By BBN Staff: A real estate company, DreamScapes Belize, operated by several foreigners with questionable backgrounds has come under scrutiny and been slapped with several lawsuits after being accused of scamming buyers out of millions of dollars in a case of real estate fraud.
DreamScapes has also been linked to two firms named in the “Panama Papers” leak from the Mossack-Fonseca firm several months ago.
DreamScapes allegedly collected over US $10 million from American and Canadian investors who wanted to buy dream homes in Belize. DreamScapes advertised lots for up to US $30,000 and promised model homes, access roads, a potable water supply, waste treatment facility, a school, police and fire stations, an 18-hole golf course, clubhouse and a marina facility with dockage, none of which exist.
The site where the properties were supposed to be built is in the Stann Creek district. There has been no development of the area apart from a DreamScape sign which has been there from 2008, according to litigants who brought the suit against DreamScape.
Mixed up in the dispute are a pair of offshore companies set up by Mossack Fonseca, the Panamanian law firm at the center of the Panama Papers scandal, and a Florida-based skin-care company that is now defunct. It’s not exactly clear what role the offshores played in the drama, although one of them — registered in the Bahamas — was a holding company for the Belize properties, according to a Mossack Fonseca file. More could come out in pending litigation.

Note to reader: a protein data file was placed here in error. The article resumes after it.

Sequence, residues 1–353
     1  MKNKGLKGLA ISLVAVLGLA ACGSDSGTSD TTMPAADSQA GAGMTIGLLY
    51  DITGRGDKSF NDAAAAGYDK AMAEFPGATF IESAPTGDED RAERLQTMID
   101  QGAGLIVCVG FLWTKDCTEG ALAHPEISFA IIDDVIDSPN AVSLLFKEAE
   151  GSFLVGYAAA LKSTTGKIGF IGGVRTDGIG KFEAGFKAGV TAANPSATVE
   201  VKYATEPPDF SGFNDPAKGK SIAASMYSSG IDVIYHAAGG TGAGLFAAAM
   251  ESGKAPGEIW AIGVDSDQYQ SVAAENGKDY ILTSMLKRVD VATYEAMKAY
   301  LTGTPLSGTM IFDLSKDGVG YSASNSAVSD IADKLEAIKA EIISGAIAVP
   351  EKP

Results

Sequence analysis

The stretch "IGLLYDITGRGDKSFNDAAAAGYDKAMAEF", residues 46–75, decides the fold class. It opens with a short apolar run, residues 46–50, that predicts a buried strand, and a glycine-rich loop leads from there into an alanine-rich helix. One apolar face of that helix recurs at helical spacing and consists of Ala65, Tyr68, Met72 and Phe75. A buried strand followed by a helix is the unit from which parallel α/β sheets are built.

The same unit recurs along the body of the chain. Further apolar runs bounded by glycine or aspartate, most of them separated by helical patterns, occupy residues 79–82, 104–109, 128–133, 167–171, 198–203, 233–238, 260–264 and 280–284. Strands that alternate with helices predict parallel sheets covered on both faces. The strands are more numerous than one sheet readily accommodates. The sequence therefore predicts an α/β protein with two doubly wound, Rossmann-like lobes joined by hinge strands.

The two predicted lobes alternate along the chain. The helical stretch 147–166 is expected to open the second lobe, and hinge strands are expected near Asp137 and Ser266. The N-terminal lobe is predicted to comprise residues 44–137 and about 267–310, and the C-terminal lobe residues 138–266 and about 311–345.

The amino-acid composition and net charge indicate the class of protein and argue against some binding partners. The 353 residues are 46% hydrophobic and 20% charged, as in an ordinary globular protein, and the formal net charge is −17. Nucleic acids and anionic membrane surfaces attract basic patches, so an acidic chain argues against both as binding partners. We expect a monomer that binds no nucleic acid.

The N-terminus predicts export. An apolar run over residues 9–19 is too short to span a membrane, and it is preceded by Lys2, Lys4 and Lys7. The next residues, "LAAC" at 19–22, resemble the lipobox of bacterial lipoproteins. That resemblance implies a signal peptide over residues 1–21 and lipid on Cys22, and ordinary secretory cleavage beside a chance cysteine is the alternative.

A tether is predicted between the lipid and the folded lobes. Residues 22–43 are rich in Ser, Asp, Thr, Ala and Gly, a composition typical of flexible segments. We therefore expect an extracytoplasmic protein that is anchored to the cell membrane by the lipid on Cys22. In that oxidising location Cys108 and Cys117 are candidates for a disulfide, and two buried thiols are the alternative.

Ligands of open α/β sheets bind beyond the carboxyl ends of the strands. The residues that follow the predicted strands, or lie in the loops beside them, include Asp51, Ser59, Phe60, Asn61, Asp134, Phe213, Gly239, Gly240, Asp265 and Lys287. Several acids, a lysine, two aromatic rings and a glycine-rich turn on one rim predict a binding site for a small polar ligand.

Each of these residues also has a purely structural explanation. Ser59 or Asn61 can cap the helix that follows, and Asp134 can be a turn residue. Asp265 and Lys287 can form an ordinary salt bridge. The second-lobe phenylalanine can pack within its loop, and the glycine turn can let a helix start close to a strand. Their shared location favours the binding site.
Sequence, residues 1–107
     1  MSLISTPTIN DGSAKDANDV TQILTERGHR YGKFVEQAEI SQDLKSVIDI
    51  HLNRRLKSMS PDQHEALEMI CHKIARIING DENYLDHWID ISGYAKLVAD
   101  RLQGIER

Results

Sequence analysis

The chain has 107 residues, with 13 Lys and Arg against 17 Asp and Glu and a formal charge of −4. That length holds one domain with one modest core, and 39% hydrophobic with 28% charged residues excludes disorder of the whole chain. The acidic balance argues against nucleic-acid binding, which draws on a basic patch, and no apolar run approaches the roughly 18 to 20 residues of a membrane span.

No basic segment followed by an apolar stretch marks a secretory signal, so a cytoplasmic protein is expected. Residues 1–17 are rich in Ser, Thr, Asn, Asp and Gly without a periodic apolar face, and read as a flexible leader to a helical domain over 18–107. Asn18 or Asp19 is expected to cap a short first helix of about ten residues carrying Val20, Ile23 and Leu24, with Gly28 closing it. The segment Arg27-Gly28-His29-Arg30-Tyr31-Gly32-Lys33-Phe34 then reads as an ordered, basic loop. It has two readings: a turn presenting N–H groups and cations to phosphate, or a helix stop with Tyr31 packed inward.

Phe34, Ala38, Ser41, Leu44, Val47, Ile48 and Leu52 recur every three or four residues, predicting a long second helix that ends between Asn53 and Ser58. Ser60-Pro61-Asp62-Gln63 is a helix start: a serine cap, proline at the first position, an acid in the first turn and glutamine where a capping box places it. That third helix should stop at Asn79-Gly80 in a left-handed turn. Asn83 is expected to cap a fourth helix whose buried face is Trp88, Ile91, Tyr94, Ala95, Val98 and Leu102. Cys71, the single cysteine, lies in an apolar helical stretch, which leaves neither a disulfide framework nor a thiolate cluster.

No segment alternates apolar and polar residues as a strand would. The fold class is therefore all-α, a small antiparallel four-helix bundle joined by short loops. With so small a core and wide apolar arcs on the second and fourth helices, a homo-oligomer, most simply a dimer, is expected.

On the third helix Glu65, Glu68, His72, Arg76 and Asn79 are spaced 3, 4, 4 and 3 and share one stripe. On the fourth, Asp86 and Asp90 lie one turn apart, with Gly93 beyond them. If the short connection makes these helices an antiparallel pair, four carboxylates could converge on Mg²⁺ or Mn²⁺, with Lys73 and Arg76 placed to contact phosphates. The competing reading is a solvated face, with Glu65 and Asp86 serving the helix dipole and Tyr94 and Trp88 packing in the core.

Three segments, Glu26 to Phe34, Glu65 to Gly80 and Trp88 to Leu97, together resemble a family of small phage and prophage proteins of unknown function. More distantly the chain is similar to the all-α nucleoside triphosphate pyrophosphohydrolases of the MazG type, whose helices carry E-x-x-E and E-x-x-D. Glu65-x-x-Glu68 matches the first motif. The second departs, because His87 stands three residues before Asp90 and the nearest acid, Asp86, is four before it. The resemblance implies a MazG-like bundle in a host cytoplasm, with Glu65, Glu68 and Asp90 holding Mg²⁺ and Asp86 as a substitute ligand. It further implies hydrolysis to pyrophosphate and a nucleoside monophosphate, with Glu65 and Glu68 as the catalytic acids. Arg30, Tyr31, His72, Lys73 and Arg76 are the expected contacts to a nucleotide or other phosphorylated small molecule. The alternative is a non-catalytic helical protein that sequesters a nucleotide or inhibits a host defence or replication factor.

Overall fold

The shareholders involved in the DreamScape drama includes a disbarred lawyer whose penny stock offering ran afoul of the U.S. Securities and Exchange Commission, another disbarred lawyer who went to prison for scheming with mobsters, and two Palm Beach County-based company directors — one past, one present — each of whom blames the other for the project’s troubles.
The lawsuit names director and founder Clifton Goodrich and Kenneth Dunn, among others. Dunn is a lawyer with a troubled past. In 2009, he pleaded guilty to a racketeering conspiracy charge in connection with a money-laundering scheme orchestrated by the Florida branch of the Bonanno crime family.
Dunn, who blamed a cocaine habit for his transgressions, would be sentenced to 43 months in prison and surrender his law license.
Goodrich said he hooked up with Dunn after the disbarred lawyer served his time. They connected with previous lot buyers and convinced some to ante up an additional $50,000 to build model homes. In exchange for letting the homes be used as a showcase for one year, the buyers got discounts on the retail price.
Colm King, the current chief executive officer of the DreamScapes project and a defendant in the buyers’ lawsuit, said the developers are in negotiations over financing and expect to be ready to begin construction in 60 days. He blames the current problems on Goodrich, who was forced out of DreamScapes in 2013.
According to the files, both King and Goodrich had or have ties to the offshore companies. One offshore, DreamScapes Holdings of Belize, was incorporated in the Bahamas in 2008. The other, DreamScapes of Belize, was incorporated later in the Seychelles, a popular offshore haven in the Indian Ocean.
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